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About trobbins

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  1. Addicted to music, As you can see from the recent photo you posted, the earth bar is where the protective earths are distributed from. There is only one local connection between earth and neutral bar. The neutral bars are nowadays typically segmented to allow earth leakage detection on certain load circuits, but not on others. AS3000 is and has been the reference for sparkies to work from. Caution is needed when posting on AC circuits, as non-competent people may assume that posted advise is accurate and safe and according to regulations.
  2. Can you please correct your diagram - protective earth distribution won't come from the main neutral bar.
  3. Toby, It's unlikely to be too different in the main part of the amp, and quite likely to be related to a different input source, or someone's idea of 'an improvement'. If you mark up the schematic, showing the differences then it should be relatively easy to work through what is happening. Perhaps if you don't work from the component labels on the tag board, and just work from a schematic - as the tag board labels are obviously not correct. Given its age, you would be well served to do a thorough restoration and to add some protection parts in, if you have done that before? Ciao, Tim
  4. Sounds fine then - a good outcome. It's not your neighbours fault. They are allowed to generate, as the utility has allowed them. It's just a paradigm shift over the last decade from domestic houses being only power sinks. Luckily, most well made and designed valve audio equipment have primary voltage taps, and valves are very tolerant of operating levels.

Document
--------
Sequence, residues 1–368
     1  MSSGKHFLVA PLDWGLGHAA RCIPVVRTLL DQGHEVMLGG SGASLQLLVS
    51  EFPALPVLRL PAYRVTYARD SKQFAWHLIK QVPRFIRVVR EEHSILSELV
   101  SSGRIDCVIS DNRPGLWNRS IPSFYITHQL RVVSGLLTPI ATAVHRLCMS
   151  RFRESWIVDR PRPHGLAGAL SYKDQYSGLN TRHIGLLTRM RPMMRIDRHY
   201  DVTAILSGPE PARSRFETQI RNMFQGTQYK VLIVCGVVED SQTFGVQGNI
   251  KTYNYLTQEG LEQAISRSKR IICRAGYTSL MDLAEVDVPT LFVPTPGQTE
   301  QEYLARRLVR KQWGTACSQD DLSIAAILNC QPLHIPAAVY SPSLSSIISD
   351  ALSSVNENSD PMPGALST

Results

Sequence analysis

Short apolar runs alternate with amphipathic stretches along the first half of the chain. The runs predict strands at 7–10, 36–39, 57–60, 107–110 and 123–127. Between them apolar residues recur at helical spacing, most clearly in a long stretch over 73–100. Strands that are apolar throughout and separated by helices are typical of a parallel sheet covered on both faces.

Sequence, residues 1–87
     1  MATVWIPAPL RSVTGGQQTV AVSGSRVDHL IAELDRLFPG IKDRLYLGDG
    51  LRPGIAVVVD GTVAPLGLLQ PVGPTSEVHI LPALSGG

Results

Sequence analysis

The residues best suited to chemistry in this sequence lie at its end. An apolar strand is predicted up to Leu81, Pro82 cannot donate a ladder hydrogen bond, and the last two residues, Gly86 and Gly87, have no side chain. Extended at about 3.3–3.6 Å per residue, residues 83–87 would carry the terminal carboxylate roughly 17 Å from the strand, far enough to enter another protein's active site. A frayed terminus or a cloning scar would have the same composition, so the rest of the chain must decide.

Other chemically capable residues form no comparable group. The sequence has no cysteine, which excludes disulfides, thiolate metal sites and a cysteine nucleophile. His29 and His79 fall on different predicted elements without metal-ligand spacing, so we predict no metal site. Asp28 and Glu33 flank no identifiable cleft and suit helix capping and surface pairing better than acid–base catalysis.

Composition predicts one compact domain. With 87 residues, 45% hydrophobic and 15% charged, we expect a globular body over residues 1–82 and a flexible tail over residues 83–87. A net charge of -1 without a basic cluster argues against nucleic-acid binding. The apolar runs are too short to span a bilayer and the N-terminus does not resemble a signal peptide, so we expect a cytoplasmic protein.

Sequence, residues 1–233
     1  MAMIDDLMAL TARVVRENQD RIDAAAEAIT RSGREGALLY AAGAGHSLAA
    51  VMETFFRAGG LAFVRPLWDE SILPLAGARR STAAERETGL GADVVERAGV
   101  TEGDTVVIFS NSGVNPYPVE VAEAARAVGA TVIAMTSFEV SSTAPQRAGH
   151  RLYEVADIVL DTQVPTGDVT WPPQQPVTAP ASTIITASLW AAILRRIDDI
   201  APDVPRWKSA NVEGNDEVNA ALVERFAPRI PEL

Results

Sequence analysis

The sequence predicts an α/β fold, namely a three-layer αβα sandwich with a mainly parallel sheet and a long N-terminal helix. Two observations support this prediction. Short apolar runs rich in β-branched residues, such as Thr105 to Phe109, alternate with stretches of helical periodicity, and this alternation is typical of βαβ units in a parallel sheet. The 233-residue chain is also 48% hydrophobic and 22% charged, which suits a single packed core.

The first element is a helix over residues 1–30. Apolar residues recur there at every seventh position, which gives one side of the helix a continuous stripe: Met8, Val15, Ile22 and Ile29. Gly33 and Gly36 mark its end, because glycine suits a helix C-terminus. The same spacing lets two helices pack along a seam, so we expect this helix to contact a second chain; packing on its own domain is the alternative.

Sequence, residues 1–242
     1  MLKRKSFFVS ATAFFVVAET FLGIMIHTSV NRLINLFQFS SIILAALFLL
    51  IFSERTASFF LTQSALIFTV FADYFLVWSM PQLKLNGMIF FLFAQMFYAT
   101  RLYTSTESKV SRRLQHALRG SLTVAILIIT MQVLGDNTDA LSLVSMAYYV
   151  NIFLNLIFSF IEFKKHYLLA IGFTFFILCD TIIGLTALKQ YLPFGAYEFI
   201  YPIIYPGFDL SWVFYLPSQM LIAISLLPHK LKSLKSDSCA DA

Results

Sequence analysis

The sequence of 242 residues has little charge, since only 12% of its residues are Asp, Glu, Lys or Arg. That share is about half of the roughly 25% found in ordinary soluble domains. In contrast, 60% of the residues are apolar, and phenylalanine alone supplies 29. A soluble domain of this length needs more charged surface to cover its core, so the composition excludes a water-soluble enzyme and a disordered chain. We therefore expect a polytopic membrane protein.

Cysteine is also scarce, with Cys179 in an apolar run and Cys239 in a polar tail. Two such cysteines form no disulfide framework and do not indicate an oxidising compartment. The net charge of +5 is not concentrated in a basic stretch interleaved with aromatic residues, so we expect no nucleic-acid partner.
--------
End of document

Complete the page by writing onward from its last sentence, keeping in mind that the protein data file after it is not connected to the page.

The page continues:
5. Australia standardised for 230VAC decades ago - previously the utilities were required to meet 240VAC +6% distribution. Domestic PV installations are the typical reason you are observing voltages approaching 240V + 10%. Utilities are typically restricting new PV installations when capacity is sufficient to raise line voltage above +10%. You could complain to your electricity supplier, and say that you have equipment that is only rated to 230V+10% = 253V, and so put pressure on them to modify the distribution voltage down one notch. You could also ask them to state what their formal distribution voltage range is (they may formally state that they operate to 240VAC + 10%), and what their policy is when distribution voltage exceeds that range. As suggested, the heater voltage in a valve pre/amp is the key issue, as it should not exceed 6.3V + 10% = 6.9VAC for reliable and stress-free operation.
  6. Another perspective is how little amplifier power can one get by with for acceptable listening. If the start was a 90dB/W/m flat response speaker (not yet going in to the multiple speaker aspect, as the THX reference indicates levels are set for individual channels), then a typical reduction for seating position in a domestic location is circa 10dB, and a 16W max continuous (before clipping) amp would reach 92dB. If one was fine with 80dB average listening SPL, and perceived that 12dB peak-to-average was pretty good for general audio sources, then circa 15W amplifier channels is a somewhat fair compromise. That would then raise the issue of whether source material can be nicely limited, whenever that was transiently required, so as to co-ordinate with the amplifier rapid rise in clipping distortion. It would also relate to speakers that were more optimised for higher efficiency, flat response, than for peak SPL (where growing distortion and compression possibly gets clouded by the ear's inherent distortion and compression and lack of appreciation of detail).
  7. No and yes. No, the valve itself won't degrade due to minor vibration. Yes, you will use the valve rather than resign it to the spares bin. Vibration could be from within your amp (eg. from power transformer), or from the speakers, or the tram passing by, or ....
  8. Can you recall what testing on a tester you did when tube rolling? And did that extend to checking the default test amplifier for valve operating bias voltages, and distortion levels with resistor loading, and noise floor levels for microphonics when passing loud levels to the speakers ? I guess without those extra measurements then the story of how the different tubes may sound could be clouded in uncertainty.